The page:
Build Short Term Foster Programs to Reduce Kennel Stress and Increase Adoptions: Staycations and Daycations

Build Short Term Foster Programs to Reduce Kennel Stress and Increase Adoptions: Staycations and Daycations
Duration: 60 Minutes
Module 1 Module 1
Recorded on: 2021-04-08
Unit 1 Slide Deck: Build Short Term Foster Programs
Unit 2 Transcript: Build Short Term Foster Programs
Unit 3 Workbook: Build Short Term Foster Programs
Unit 4 Recording: Build Short Term Foster Programs

Public safety agencies are inundated with so much work and responsibilities that any initiative that can alleviate the workload and the accompanying stress and pressure is worth a try. Charlotte-Mecklenburg Animal Care & Control implemented a program that aimed to reduce kennel stress while increasing the visibility of adoptable dogs in the community.

This session’s speaker is Shannon Harkey who’s been with Charlotte-Mecklenburg Animal Care & Control for more than 20 years. She’s served in various capacities and is currently its Customer Service/Community Outreach Manager.

Shannon will dissect their Short-Term Foster Program and its success thus far. The discussion includes:

  • An overview of the Charlotte-Mecklenburg Animal Care Control and the work that the agency does.
  • The issues that the shelter had been facing with:
    • Less-than-ideal shelter layout that creates stress among the dogs.
    • Dogs that are staying for an extended amount of time and not being adopted.
    • Lack of volunteers during weekdays to spend time with the dogs for enrichment activities.
  • Details on the two short-term foster programs they implemented.
    • The Staycation program that allowed people to bring home a dog for a maximum of 5 days.
    • The Daycation program that allowed community members to spend a couple of hours with a dog.
  • Statistics that demonstrated the success of both the Staycation and Daycation program as seen in:
    • The total number of dogs taken for Staycations and Daycations.
    • Staycations that resulted in adoption or longer-term fostering.
    • Valuable information collected to better understand the dogs’ behavior.
  • A run-through of how an individual can take part in the Staycation and Daycation programs.
  • Reviewing the paperwork and documents essential to the program.
    • The Staycation Liability Waiver that laid out the protections and liability between involved parties.
    • The Behavior Report Card that was used to gather insights on the dog’s behavior which are useful when trying to match the dogs with potential adopters.
    • The Dog Introduction Sheet that provided guidelines for the shelter dogs during the Staycation and Daycation particularly when interacting with other dogs.
  • The resources that the shelter provides its customers to set them up for successful interaction and the sources of the funding for these.
  • A look into the manpower, workload, and attention to detail required to carry out this program appropriately.
  • The perks in terms of free organic marketing from the people and businesses that are doing the Staycations and Daycations.
  • The program’s life-saving capability by keeping dogs off the shelters and avoiding euthanasia due to behavior issues.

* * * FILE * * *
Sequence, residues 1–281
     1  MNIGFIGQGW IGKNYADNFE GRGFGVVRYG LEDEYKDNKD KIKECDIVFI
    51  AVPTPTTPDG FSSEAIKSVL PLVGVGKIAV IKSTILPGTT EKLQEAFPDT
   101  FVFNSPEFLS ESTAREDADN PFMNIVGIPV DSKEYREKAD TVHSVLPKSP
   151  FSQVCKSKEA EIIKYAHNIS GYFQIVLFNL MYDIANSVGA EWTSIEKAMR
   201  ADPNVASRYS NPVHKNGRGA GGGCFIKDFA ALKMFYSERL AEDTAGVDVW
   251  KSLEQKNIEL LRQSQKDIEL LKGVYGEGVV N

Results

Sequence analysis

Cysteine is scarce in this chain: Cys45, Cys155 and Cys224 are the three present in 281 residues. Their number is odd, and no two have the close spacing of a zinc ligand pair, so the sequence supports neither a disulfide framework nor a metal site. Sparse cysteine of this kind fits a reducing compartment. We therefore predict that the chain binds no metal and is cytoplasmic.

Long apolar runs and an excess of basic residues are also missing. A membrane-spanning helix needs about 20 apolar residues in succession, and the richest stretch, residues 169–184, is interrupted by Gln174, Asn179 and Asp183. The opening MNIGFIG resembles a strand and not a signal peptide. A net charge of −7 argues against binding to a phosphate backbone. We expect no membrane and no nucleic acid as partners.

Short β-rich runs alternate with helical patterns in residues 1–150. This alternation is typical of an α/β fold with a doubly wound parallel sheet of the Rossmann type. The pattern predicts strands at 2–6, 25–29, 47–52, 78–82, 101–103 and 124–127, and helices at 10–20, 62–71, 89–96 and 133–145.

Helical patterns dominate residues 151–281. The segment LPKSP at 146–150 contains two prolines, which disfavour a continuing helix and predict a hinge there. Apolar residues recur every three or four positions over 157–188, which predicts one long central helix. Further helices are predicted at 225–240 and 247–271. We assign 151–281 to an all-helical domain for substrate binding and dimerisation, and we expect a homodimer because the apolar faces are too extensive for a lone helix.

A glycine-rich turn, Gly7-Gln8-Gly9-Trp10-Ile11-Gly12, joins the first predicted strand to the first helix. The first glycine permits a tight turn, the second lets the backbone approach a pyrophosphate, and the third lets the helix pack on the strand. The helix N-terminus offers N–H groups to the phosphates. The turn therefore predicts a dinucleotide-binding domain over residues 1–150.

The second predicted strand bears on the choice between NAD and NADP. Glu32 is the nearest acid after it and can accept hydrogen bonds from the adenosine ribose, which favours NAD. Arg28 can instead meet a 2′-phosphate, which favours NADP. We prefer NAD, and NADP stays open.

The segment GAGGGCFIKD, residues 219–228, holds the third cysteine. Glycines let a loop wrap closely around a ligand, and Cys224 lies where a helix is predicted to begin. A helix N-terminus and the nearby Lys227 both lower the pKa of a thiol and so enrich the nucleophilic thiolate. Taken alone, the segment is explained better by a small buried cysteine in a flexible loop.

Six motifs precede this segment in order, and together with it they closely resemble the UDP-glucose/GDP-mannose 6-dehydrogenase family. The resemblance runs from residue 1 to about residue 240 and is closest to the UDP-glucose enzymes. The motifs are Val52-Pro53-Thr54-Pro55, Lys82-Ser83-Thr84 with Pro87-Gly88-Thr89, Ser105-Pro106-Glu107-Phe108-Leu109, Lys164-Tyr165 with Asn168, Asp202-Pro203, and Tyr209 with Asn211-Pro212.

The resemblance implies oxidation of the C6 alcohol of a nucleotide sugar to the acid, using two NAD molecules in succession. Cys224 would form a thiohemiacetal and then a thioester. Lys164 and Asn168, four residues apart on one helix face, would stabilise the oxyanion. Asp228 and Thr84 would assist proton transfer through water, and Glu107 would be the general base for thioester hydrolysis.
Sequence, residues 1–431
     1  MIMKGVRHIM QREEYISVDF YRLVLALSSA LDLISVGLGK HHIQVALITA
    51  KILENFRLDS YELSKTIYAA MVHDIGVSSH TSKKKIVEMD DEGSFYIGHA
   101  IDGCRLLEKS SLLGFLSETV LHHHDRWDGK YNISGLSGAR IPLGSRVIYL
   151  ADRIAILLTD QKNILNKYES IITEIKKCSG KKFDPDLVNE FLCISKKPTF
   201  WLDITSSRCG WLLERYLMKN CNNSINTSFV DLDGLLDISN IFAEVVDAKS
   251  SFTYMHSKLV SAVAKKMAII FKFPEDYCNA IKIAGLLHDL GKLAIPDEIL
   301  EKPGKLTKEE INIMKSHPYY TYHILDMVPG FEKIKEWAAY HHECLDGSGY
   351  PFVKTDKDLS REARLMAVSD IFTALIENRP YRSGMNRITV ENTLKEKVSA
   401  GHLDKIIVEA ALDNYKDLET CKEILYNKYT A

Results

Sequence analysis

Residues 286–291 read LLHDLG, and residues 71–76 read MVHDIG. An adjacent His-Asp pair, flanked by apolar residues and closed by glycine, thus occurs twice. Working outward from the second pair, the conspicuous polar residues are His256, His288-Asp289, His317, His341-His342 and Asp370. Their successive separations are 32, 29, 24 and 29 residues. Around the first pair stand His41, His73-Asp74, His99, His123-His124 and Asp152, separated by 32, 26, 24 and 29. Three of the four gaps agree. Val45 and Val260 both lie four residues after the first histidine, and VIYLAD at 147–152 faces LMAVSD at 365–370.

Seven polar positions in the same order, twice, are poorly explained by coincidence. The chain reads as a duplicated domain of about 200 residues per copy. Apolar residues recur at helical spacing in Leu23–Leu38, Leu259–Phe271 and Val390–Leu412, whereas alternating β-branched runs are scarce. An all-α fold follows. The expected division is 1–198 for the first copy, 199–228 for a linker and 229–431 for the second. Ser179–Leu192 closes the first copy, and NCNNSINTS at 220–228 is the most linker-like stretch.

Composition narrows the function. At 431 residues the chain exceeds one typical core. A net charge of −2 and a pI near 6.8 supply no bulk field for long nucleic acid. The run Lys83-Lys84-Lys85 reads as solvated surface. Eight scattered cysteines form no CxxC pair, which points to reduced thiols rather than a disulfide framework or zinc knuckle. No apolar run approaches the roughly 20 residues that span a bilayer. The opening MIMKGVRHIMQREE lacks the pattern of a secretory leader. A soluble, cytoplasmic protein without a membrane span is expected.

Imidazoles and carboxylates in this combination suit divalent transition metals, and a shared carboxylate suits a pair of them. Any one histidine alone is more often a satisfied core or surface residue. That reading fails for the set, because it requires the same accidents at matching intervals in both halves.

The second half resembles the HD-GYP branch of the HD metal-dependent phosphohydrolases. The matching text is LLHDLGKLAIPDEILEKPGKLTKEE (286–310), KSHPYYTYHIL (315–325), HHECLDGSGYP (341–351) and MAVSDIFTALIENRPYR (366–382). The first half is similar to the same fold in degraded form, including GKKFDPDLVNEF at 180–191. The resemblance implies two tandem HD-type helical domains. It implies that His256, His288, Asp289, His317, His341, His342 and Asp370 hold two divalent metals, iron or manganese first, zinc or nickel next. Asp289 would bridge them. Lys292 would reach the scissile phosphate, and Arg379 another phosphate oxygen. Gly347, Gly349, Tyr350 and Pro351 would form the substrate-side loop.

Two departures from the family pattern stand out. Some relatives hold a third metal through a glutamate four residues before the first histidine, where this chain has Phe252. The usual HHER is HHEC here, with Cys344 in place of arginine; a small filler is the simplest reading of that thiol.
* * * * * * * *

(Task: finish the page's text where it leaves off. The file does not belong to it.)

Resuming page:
• Lessons learned on unnecessary barriers to community engagement in terms of screening and logistical issues.
  • Recognizing the concerns that they had prior and how they overcame these through optimism, trust, and just wanting the best for the dogs.
  • Dro’s success story that proved how dogs that are considered difficult may just be stressed by conditions in the shelter and are actually lovely when in a home environment.

Questions from the webinar attendees were about:

  • Animals that are on cruelty hold.
  • Managing liabilities and costs of injuries during the Staycation and Daycation.
  • Metrics that show how the program shortened the time to adoption.
  • People’s conscientiousness with the timelines and the system used to track the timeline.
  • Requirements to long-term foster or adopt dogs via the short-term foster programs.
  • Geographical limits of the program.
  • Extending the program to other species of animals.
  • Scheduling for Staycations and Daycations.
  • Missed out adoption opportunities while dogs are on Staycations.

 

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Resources and Handouts

 

Audience Comments

  • The beginning of the program from start to finish was top notch. I appreciated the documents that were provided to attendee’s for what was approved by a CAO’s office. I appreciated the candor in the lesson’s learned, the successes gained, the data shown, and working through hurdles. — Brittany
  • The handouts were great, lots of information. I really like the idea of being an “open” adoption shelter. I think the idea of staycations/daycations is great. Thank you for this great session!  — Jennifer
  • Shannon is a fantastic speaker and brings a wealth of experience from a variety of perspectives in animal welfare. Her no-nonsense approach and openness to trying new things is amazing. Charlotte-Mecklenburg is lucky to have her, and I would love to hear more from her. — Josh
  • It was really encouraging to see the number of dogs euthanized drop over the years due to daycations/staycations. It gave me a lot of hope that if we start implementing these programs that we’ll see a decrease in euthanasians, which is one of our goals here at the shelter. I actually took a screenshot of the staycation “postcard” and plan to introduce it to our foster program. I feel that it could be very beneficial for our adoption coordinator and benefit our staff as well. — Emily

 

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